It is exactly in line with Nate’s post. In fact, it is a continuation of our conversation several weeks ago. You could replace ‘some’ or ‘we’ in the post and replace with Will and it would represent what has been bouncing around in Nate’s socialist head leading to this post.

    Again, the ‘right wing’ always pushes for less government, not more. If they are pushing or supporting those that push for more government, they are not ‘right wing’ regardless of how they portray themselves.

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  30. Will on November 29, 2013 at 11:39 AM


    I always appreciate and respect your commentary. I think you offer the best of what is right and decent. You are somewhat new here and are not use to the Willisms. I purposely use terms to get people to think: ‘survival of the spiritually fittest’ and ‘merit based system’. It did just that, it got you and others thinking. Let’s take a deep breath and think about these terms in conjunction with what God has said.

    You used the terms ‘faith, hope, charity and love’. Are these not spiritual actions (exercises) and merits?

    You are correct in saying we much choose? But, what about those that do not choose or allow it to happen, what happens to them?

    What is to be made of the term ‘straight is the way and narrow the gate and FEW be there that find it”?

    Are the few not the fittest? They were obviously selected for a reason? Did God choose them, or was it based on their choice (merits)?

    What about all those that are distributed to lesser kingdoms? Are they as spiritually fit or did they offer the same merits as those in higher kingdoms? Again, if it was not their merits, they God choose them. And if he chose them; why them over someone else?

    I clearly presented the justice side of things and failed to present the mercy side — thank you for your contribution to this end. It is by grace that we are saved, after all we can do. Christ really is our Savior. He can and does fill in where we can’t. In this Thanksgiving season, how grateful I am for the volunteer that simply said: ‘here am I, send me”. This master of mercy can and will make everything work out. I have faith in that concept. That gives me comfort when contemplating the demands of justice.

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  31. Hedgehog on November 29, 2013 at 1:39 PM

    Will it certainly seems to be the case that US right wing argues for less government, but it is not and has not been universal.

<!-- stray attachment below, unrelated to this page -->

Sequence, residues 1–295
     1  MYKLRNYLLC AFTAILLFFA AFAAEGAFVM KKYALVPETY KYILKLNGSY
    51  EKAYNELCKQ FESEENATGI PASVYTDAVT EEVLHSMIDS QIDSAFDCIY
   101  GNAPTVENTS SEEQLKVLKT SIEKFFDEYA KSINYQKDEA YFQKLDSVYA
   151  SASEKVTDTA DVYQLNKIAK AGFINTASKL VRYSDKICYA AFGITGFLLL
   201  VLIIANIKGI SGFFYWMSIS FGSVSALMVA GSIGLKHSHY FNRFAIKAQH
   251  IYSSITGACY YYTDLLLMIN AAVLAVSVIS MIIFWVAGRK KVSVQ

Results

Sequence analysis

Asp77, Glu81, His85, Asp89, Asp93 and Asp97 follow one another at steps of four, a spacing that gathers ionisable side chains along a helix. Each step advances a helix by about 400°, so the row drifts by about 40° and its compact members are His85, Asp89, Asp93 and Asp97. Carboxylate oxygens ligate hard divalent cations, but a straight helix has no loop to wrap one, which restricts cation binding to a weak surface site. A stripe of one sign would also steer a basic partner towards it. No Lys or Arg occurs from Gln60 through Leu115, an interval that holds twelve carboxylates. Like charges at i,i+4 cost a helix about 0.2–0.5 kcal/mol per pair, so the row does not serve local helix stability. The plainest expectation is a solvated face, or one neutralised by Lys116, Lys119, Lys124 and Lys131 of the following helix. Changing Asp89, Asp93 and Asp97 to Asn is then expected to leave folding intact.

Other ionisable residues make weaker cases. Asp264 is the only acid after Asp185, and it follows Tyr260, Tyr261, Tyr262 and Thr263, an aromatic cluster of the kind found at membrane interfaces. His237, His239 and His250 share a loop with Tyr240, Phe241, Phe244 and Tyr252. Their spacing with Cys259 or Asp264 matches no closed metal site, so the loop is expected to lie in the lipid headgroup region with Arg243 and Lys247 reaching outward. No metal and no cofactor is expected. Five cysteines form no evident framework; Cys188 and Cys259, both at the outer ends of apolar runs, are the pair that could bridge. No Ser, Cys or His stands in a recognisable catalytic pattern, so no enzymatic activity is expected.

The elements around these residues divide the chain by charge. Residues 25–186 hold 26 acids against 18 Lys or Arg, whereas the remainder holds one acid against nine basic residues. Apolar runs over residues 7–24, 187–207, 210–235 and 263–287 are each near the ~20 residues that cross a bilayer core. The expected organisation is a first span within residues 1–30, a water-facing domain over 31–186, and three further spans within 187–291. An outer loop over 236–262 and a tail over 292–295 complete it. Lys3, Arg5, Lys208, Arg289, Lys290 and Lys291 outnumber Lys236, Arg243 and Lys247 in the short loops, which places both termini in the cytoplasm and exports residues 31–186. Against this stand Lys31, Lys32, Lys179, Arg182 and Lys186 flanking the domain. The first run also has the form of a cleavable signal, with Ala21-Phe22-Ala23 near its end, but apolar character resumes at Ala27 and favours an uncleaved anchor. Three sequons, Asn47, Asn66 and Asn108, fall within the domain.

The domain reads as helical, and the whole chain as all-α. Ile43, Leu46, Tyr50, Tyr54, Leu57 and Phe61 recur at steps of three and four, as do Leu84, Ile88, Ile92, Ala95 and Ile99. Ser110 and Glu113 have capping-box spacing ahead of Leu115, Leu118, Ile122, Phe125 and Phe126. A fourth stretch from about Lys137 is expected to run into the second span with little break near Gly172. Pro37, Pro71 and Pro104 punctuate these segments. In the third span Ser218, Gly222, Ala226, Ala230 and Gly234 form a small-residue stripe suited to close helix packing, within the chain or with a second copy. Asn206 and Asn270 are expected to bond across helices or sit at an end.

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  32. Will on November 29, 2013 at 2:20 PM


    Putting aside the distorted terminology and twist on reality and getting back to the real issue. All of these mass murders (including in the war in heaven) took place for the same basic reason:

    1) they sought to take away the agency of man.
    2) it was born of out jealousy and envy of the accomplished. It was about taking, or trying to take power. (E.g lucifer wanted the glory)
    3) it was all done under the guise of collectivism — communism, socialism, fascism or luciferism

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  33. Nate on November 29, 2013 at 5:04 PM

    Will, I think you are over-simplifying things a bit.

    In the war in heaven, Satan wanted to take away agency (the knowledge of good and evil), so that there would be no risk of loosing people, and everyone would be saved.

    But Satan lost that battle, and now he has changed tactics. Before, he had good intentions, in that he wanted everyone to be saved. But now he no longer has everyone’s best interest at heart. He wants us all to suffer and go to hell. He wants us to rebel and become miserable like him.

    So I don’t think you can categorize the evil in the world as being motivated by the same principles over which the war in heaven was fought. This is a new war, with new objectives. Perhaps there are some aspects of our current war with Satan that resemble issues relating to free-agency and the war in heaven, but I think it is a mistake to try and define everything in terms of your libertarian interpretation of the Pearl of Great Price: mass murder=take away agency=collectivism=fascism=socialism=communism=envy. I think things are considerably more complicated than that.

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  34. Will on November 30, 2013 at 12:21 PM


    Agreed, it is a bit of an evidentiary penumbra, but the salient facts remain:

    1) He sought to take away the agency of man
    2) He motivated the occupy Kolob crowd using the same tactics employed by Mao, Pol Pot or Stalin — organize the peasant class with a rally cry against the establishment. His campaign slogan was “not one soul shall be lost” and his opponent was the Gods. The ruling class offering exhalation via a grueling test of agency known as mortality. Like these brutal dictators, he used envy, greed, pride, wrath and lust as his weapons. In the process committing mass murder, only his was spiritual death to his occupy Kolob crowd.